Electrophysiological Neuroimaging using sLORETA Comparing 22 Age Matched Male and Female Schizophrenia Patients


  • Andy R Eugene Mayo Clinic
  • Jolanta Masiak Department of Psychiatry, Medical University of Lublin, Lublin, Poland
  • Jacek Kapica Department of Electrical Engineering and Measurement Systems, University of Life Sciences in Lublin, Lublin, Poland
  • Marek Masiak Department of Psychiatry, Medical University of Lublin, Lublin, Poland
  • Richard M Weinshilboum Division of Clinical Pharmacology, Department of Molecular Pharmacology and Experimental Therapeutics, Mayo Clinic, Rochester, Minnesota, USA




Dopamine D2-receptors, schizophrenia, neuroimaging, biomarker, treatment response


BACKGROUND: Standardized low resolution brain electric tomography (sLORETA) is a validated neuroimaging method for localizing the electric activity in the brain based on multichannel surface electroencephalogram (EEG) recordings, having the benefit of improved time resolution of EEG measurements, better than that of functional magnetic resonance imaging (fMRI), and with a spatial resolution similar to that of fMRI.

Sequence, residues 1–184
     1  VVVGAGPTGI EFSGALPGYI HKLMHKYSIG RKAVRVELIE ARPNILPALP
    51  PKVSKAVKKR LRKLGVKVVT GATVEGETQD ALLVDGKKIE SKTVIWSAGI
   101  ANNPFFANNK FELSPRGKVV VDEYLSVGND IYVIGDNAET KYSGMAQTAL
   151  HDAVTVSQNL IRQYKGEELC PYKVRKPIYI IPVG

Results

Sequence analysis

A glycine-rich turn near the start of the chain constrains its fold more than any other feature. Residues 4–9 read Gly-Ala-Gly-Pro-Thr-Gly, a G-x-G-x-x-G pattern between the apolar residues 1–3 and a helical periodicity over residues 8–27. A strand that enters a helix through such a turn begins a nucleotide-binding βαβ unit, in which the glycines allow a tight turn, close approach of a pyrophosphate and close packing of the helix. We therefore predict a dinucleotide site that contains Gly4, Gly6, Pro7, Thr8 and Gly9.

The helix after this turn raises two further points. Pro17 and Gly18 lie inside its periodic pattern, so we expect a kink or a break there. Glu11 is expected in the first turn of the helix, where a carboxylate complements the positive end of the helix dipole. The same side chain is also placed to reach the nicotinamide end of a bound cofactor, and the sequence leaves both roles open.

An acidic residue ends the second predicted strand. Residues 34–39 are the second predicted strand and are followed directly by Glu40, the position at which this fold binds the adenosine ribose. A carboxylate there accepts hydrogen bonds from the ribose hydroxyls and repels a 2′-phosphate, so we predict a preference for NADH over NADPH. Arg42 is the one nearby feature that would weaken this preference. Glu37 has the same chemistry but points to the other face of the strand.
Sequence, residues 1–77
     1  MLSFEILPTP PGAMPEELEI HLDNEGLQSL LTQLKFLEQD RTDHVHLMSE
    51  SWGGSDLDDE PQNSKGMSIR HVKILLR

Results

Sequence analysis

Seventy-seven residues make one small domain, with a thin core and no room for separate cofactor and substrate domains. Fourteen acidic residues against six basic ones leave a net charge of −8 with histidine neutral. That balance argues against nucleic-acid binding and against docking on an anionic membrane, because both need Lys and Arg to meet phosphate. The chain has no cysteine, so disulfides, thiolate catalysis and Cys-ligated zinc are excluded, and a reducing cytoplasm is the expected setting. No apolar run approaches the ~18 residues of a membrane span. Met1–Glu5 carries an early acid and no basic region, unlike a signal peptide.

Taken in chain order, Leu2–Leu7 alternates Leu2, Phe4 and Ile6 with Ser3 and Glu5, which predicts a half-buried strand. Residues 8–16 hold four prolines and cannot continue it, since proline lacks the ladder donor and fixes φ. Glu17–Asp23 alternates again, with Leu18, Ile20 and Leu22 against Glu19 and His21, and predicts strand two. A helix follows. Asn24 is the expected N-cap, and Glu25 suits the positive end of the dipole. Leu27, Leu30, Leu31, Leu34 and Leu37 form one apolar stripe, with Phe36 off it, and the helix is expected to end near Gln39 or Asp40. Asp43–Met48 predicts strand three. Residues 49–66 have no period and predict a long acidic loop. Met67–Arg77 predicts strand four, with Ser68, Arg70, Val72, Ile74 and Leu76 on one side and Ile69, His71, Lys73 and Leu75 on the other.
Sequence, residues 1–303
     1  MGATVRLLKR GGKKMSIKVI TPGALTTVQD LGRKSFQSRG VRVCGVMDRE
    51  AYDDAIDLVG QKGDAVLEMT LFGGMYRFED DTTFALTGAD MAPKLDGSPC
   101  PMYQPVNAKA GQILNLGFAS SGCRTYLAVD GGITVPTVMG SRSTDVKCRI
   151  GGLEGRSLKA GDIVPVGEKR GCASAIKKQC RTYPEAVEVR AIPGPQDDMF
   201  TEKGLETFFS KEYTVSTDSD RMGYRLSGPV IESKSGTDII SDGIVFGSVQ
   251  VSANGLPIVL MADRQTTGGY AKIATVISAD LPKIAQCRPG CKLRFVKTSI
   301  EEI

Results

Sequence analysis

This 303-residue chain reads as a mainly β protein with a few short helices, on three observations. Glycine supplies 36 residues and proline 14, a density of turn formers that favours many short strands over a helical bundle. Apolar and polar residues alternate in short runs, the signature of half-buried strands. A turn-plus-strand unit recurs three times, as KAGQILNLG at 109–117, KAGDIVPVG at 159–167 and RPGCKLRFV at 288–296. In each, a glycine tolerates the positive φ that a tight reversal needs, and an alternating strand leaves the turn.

OBJECTIVE: The purpose of this electrophysiological neuroimaging study was to provide a deeper mechanistic understanding of both olanzapine and risperidone pharmacodynamics relative to gender. In doing so, we age-matched 22 men and women and initially evaluated their resting-state EEG recordings and later used sLORETA to visualize the differences in brain activity amongst the two patient groups.
METHODS: In this investigation, EEG data were analyzed from male and female schizophrenia patients treated with either olanzapine or risperidone, both atypical antipsychotics, during their in-patient stay at the Department of Psychiatry. Twenty two males and females were age-matched and EEG recordings were analyzed from 19 silver/silver chloride electrodes. Thirty-seconds of resting EEG were spectrally transformed into sLORETA. Three-dimensional statistical non-paramentric maps for the sLORETA global field power within each band were finally computed.
RESULTS: The results indicated that, relative to males patients, females schizophrenia patients had increased neuronal synchronization in delta frequency, slow-wave, EEG band located in the dorsolateral prefrontal cortex, within the middle frontal gyrus (t= -2.881, p <0.03580). These findings suggest that females experience greater dopamine receptor and serotonin receptor neuronal blockade relative to age-matched males. Further, our findings provided insight to the pharmacodynamics of secondgeneration antipsychotics olanzapine and risperidone.
CONCLUSION: When compared to male patients, female patients suffering from schizophrenia have dopamine and serotonin receptors that are blocked more readily than age-matched male schizophrenia patients. Clinically, this may translate into a quicker time to treatment-response in females as compared to male patients.

Author Biography

Andy R Eugene, Mayo Clinic

Division of Clinical Pharmacology

Department of Molecular Pharmacology and Experimental Therapeutics

Mayo Clinic